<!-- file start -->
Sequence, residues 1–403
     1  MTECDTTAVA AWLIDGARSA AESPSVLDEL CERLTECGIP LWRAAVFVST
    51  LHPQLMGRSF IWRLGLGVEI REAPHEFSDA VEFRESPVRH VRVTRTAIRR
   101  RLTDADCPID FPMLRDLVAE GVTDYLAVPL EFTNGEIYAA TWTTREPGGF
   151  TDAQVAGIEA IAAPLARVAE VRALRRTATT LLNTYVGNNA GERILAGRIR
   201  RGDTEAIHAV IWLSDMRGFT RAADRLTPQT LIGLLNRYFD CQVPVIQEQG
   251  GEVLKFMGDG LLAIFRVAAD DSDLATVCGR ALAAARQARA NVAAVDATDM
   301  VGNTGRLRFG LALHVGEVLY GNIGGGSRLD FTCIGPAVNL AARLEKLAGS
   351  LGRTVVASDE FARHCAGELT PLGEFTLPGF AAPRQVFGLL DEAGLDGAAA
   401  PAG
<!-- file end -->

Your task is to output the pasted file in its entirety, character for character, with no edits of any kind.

Sequence, residues 1–403
     1  MTECDTTAVA AWLIDGARSA AESPSVLDEL CERLTECGIP LWRAAVFVST
    51  LHPQLMGRSF IWRLGLGVEI REAPHEFSDA VEFRESPVRH VRVTRTAIRR
   101  RLTDADCPID FPMLRDLVAE GVTDYLAVPL EFTNGEIYAA TWTTREPGGF
   151  TDAQVAGIEA IAAPLARVAE VRALRRTATT LLNTYVGNNA GERILAGRIR
   201  RGDTEAIHAV IWLSDMRGFT RAADRLTPQT LIGLLNRYFD CQVPVIQEQG
   251  GEVLKFMGDG LLAIFRVAAD DSDLATVCGR ALAAARQARA NVAAVDATDM
   301  VGNTGRLRFG LALHVGEVLY GNIGGGSRLD FTCIGPAVNL AARLEKLAGS
   351  LGRTVVASDE FARHCAGELT PLGEFTLPGF AAPRQVFGLL DEAGLDGAAA
   401  PAG